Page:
This leaflet is to help you understand what an Ovarian Dermoid Cysts is and the implications of being diagnosed.
What are dermoid cysts/mature cystic teratomas?
Ovarian dermoid cysts or mature cystic teratomas are benign ovarian masses arising from germ cells. These cells can generate any type of mature tissue. They can contain hair, sweat glands, teeth and brain tissue (so called ectodermal structures), muscle fibers, cartilage, bone and fatty tissue (so called mesodermal structures) and thyroid, respiratory and gastrointestinal tissue (so called endodermal structures).
How do dermoid cysts come into existence?
Genetic studies have shown that dermoid cysts grow from a single unfertilized oocyte (immature egg cell). This oocyte repetitively multiplies and divides into a multitude of cells that have the same genetic contents as the unfertilized oocyte. These cells can transform into any possible cell of the body.
What are the risks of having a dermoid cyst?
Dermoid cysts can cause pelvic discomfort because of mass effects, torsion (twisting) or cyst rupture. With increasing size, risks of cyst rupture and torsion rise. Even though dermoid cysts are almost always benign, clinical and ultrasound evaluation are important for correct diagnosis and during follow-up. Follow-up is performed to monitor growth and to detect signs of malignant transformation. Malignant transformation is very rare. In some extremely rare cases, some blood and neurologic diseases can occur because of substances released in the bloodstream by ovarian teratomas.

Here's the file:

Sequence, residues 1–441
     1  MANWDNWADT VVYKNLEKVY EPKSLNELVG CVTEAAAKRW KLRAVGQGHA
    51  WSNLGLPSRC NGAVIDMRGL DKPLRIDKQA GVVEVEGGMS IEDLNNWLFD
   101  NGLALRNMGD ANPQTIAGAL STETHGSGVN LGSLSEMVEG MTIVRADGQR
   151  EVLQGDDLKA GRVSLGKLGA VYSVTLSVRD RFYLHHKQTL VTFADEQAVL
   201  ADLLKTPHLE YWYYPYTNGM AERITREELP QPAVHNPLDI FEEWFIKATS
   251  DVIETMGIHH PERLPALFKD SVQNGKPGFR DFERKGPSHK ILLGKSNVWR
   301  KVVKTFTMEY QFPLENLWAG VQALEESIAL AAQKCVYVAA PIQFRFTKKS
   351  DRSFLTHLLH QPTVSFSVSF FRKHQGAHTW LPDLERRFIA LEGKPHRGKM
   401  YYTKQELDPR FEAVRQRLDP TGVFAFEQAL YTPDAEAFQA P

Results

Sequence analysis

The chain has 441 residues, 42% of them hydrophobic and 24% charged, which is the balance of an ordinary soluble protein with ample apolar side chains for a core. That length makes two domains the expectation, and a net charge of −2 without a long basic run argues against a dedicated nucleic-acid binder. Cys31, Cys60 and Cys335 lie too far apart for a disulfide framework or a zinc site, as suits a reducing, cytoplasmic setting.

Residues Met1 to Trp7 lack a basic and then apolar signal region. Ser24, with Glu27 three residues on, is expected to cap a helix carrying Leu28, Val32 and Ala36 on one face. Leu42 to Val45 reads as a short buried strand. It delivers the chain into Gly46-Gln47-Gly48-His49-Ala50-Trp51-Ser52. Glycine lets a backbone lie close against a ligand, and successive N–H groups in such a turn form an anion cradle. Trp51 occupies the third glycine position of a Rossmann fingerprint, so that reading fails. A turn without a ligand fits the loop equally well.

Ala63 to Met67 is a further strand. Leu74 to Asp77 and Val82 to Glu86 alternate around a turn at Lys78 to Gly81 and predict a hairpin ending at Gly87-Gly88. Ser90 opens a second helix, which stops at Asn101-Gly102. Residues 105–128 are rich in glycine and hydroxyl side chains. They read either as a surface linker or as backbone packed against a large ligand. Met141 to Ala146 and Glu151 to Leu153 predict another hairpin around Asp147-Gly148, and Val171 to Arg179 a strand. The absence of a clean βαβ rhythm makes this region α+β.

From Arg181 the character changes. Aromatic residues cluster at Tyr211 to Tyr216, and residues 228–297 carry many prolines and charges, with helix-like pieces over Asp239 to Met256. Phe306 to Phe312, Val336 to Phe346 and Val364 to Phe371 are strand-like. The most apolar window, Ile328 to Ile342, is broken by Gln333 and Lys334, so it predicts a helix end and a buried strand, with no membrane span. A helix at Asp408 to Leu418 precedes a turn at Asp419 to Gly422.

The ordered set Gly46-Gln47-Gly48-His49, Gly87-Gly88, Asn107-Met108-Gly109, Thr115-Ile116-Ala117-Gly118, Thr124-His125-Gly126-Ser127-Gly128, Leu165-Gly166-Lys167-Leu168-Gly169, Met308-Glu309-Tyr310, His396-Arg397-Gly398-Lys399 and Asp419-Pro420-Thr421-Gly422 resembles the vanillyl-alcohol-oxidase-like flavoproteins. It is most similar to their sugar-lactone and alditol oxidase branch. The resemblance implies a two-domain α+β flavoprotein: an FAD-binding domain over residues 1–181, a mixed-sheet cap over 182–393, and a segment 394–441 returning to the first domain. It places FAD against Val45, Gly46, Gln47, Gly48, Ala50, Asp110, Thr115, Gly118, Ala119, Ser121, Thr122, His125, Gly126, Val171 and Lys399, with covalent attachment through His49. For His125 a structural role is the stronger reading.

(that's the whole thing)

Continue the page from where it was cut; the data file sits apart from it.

Should it be removed?
For children and women of childbearing age who do not experience any discomfort from the cyst, watchful waiting is a safe and good option. If the patient experiences discomfort or feels insecure, the gynecologist can opt to remove the cyst whilst sparing the surrounding normal ovarian tissue. In some situations, however, removal of the whole ovary with the tube may be more appropriate, for example in older patients or if the cyst is very large. A spill of cyst content at surgery may result in painful inflammation of the inner lining of the abdomen.
Will it happen again?
Recurrence after surgery has been documented in up to 7.6% of cases.
What other questions should I ask?
- Can this ovarian cyst be followed up?
- What are the warning signs I should be aware of in case of follow-up?
- Does this cyst need to be removed?
- How drastic is the surgery that will be performed?
- Will the one performing surgery be a general or oncological gynecological surgeon?
- What risks does an operation bring?
Last updated: July 2022